Family Caring Trust's approach

In developing Parenting Programmes, Family Caring Trust was able to benefit from studying the strengths and weaknesses of previous initiatives and to draw on the experience and research bases of a variety of psychological systems (see below). No one parenting model is espoused by the Trust. Like other forms of leadership, different parenting approaches appear to be appropriate according to individual circumstances, personalities, and child development stages. Parents, for example, might adopt quite a directive and supervisory role when introducing children to new skills or tasks, whereas they might adopt a more democratic and less directive role as their children grow in confidence and skill.

Whose ideas make up our parenting advice?
Courses developed by the Trust are eclectic, then, not rigidly tied to any one system but drawing on Adlerian psychology (goals of misbehaviour, discipline through natural and logical consequences), Bowen Family Systems (emphasis on changing self, not others, growing in self-differentiation and becoming a more non-anxious presence, also on reinforcing change by withdrawing attention from the more symptomatic elements in the family system and focusing on the more influential elements), Reality Therapy (negotiating and conflict management within the family), Re-evaluation Counselling (importance of parents working on their own childhood distresses and internalised oppression, value of tears, of play, and of expression of feelings), and Person-centred Counselling (active listening, expressing needs and feelings in "I" messages).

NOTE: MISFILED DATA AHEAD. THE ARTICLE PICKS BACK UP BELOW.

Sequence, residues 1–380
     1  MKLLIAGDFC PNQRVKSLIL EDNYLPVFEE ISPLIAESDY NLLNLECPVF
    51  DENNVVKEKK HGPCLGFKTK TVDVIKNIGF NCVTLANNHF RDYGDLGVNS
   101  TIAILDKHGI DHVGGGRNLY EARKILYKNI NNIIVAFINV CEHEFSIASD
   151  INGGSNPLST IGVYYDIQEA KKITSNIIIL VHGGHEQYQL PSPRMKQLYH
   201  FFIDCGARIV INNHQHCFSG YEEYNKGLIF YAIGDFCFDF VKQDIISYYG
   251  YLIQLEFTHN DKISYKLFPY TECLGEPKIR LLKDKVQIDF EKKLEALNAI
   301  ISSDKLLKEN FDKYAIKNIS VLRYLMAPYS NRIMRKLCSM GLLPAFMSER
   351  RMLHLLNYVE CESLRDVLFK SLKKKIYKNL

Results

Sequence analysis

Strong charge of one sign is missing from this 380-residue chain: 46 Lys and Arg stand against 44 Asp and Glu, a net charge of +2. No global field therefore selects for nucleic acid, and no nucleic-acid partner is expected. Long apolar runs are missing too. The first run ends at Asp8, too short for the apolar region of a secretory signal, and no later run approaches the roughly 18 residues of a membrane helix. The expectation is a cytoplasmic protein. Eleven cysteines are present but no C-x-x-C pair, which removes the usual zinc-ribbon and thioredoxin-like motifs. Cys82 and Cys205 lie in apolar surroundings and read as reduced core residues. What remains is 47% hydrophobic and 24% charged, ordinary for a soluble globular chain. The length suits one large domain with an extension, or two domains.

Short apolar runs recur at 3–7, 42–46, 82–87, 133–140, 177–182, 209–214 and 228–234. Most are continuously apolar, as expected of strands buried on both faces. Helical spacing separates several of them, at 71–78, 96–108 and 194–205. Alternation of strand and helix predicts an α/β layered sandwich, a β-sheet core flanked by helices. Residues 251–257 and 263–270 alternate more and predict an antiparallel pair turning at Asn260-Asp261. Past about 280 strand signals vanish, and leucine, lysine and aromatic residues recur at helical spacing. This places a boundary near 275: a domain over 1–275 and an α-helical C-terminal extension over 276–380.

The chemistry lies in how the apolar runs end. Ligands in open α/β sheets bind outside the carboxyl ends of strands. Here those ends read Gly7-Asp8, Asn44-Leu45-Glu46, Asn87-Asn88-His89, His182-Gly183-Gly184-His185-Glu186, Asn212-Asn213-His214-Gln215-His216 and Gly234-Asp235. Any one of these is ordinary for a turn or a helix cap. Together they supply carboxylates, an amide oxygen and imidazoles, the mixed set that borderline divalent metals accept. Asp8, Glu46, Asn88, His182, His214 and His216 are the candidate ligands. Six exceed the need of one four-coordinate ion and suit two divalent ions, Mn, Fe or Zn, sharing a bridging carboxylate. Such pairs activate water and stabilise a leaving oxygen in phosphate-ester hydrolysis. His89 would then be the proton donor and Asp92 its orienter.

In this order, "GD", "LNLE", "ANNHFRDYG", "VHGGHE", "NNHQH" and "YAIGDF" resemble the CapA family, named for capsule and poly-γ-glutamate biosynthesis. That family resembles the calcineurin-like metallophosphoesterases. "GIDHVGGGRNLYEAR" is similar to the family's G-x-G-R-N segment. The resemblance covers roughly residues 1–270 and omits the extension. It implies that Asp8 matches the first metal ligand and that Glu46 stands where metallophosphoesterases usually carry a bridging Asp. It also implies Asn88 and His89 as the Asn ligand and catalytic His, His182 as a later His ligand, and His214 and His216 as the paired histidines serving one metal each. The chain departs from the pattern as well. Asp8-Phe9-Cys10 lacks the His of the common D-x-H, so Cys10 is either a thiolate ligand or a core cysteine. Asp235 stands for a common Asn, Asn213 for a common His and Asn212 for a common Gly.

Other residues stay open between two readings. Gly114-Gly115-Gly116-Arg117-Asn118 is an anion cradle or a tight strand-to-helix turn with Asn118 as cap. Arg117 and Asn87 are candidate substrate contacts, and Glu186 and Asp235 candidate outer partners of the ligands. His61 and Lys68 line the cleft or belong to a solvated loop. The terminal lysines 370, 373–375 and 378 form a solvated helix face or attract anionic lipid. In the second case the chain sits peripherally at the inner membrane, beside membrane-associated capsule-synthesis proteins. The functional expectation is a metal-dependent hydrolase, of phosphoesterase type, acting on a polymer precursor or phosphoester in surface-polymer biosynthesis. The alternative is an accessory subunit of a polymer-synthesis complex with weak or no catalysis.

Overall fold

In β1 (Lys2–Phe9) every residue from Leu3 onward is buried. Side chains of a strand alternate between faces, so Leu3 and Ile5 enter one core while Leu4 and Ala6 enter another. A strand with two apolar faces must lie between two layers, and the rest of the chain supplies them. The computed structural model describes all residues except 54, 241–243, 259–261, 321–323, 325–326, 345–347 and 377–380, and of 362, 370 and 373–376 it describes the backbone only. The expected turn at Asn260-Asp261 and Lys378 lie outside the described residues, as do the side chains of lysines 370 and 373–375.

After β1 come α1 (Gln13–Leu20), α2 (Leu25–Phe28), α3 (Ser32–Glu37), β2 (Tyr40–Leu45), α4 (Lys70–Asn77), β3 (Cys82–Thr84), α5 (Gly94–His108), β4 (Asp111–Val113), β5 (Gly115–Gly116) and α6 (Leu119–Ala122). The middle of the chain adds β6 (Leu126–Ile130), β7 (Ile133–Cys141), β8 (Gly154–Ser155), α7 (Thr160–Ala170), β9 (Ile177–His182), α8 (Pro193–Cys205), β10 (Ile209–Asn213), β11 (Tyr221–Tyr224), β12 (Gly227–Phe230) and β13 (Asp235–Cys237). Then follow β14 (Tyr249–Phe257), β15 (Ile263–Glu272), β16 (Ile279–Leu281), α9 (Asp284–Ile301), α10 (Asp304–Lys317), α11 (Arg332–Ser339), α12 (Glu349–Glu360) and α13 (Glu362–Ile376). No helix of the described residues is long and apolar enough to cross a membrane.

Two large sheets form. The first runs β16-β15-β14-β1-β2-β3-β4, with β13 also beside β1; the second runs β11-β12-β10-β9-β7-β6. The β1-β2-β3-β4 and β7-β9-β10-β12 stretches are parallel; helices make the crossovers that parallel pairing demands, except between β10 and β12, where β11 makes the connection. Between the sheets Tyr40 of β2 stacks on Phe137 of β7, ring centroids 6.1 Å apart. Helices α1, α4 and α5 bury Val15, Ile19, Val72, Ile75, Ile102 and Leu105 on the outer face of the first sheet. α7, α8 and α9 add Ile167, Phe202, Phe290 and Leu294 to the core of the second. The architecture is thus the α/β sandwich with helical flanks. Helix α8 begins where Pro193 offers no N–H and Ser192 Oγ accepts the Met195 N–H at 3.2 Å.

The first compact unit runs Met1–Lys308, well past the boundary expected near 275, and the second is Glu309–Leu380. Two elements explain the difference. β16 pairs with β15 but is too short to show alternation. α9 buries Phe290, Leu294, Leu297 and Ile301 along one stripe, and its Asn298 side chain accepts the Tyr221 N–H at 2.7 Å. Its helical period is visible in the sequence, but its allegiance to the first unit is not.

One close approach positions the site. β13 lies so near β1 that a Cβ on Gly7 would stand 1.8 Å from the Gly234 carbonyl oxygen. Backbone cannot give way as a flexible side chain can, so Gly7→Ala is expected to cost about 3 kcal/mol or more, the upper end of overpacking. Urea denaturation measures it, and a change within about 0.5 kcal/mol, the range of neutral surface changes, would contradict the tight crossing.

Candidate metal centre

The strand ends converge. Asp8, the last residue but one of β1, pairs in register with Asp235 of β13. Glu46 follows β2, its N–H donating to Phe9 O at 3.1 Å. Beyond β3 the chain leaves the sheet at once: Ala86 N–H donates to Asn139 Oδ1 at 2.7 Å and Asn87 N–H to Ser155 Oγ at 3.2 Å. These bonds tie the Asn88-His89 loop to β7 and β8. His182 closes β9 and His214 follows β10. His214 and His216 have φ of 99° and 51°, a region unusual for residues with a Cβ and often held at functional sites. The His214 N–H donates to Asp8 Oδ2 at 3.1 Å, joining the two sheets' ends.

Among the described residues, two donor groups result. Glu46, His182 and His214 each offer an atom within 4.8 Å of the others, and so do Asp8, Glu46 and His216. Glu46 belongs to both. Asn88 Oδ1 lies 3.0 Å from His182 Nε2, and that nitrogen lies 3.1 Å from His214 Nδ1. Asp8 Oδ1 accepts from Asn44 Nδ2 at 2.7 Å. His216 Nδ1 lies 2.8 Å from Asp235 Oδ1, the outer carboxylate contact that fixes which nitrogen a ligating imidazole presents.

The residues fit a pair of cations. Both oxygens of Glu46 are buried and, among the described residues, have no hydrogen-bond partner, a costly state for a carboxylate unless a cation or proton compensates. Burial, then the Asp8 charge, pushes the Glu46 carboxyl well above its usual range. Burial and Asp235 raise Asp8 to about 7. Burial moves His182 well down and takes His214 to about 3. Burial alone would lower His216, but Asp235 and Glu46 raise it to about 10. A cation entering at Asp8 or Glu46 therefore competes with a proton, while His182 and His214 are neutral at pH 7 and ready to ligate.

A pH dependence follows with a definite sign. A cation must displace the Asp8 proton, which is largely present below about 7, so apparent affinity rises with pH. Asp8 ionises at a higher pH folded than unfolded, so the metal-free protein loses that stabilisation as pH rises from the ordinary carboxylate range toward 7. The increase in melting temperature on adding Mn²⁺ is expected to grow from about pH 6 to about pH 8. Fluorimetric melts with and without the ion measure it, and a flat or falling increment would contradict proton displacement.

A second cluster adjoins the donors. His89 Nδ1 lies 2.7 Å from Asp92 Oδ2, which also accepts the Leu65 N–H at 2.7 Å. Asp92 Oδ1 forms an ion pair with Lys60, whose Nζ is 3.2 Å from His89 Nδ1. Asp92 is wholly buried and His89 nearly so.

The Trust has also drawn on the work of established researchers and writers, including Steve Biddulph, John Bowlby, Dolores Curran, Don Dinkmeyer, Rudolf Dreikurs, Gerard Egan, Eric Ericson, Edwin Friedman, R Forehand, John Gottman, Harvey Jackins, Gary McKay, Jean Piaget, Mary Pipher, Virginia Satir, Ron Taffel, Donald Winnicott, and Patty Wipfler. 

While there is a clear focus on improving communication within a family, there is also emphasis on change - changing the power basis and decision-making balance within the couple relationship and between parents and children. 

Developing an Adult Learning Tool 
These ideas are incorporated into a flexible programme which uses established principles of adult learning while emphasising "good enough parenting" that does not tend to create inappropriate guilt. There is a strong underlying emphasis in all the programmes on community development and empowering all individuals within a family to take increasing responsibility for themselves.

The programme is then tested extensively throughout Britain and Ireland with action research, using both quantitative and qualitative evaluation. This testing and consequent changing continues for at least two years in distinct phases. In the final phase, feedback from a variety of community organisations is incorporated - these have included the Pre-School Playgroups Association (now renamed the Pre-School Alliance), the Health Visitors Association, Barnardos, the Family Planning Association, the Mediation Network of Northern Ireland, Relate, the Trust for the Study of Adolescence, the Children's Society, Homestart, and mainstream Christian and Islamic faith community leaders with an interest in family concerns.

Each course is also checked out with an expert on reading age to ensure simplicity and freedom from jargon; and with a philosopher who specialises in teaching children to think and form values: also with a number of psychologists, family therapists and a consultant psychiatrist to ensure that the process is a healthy, positive experience for all participants.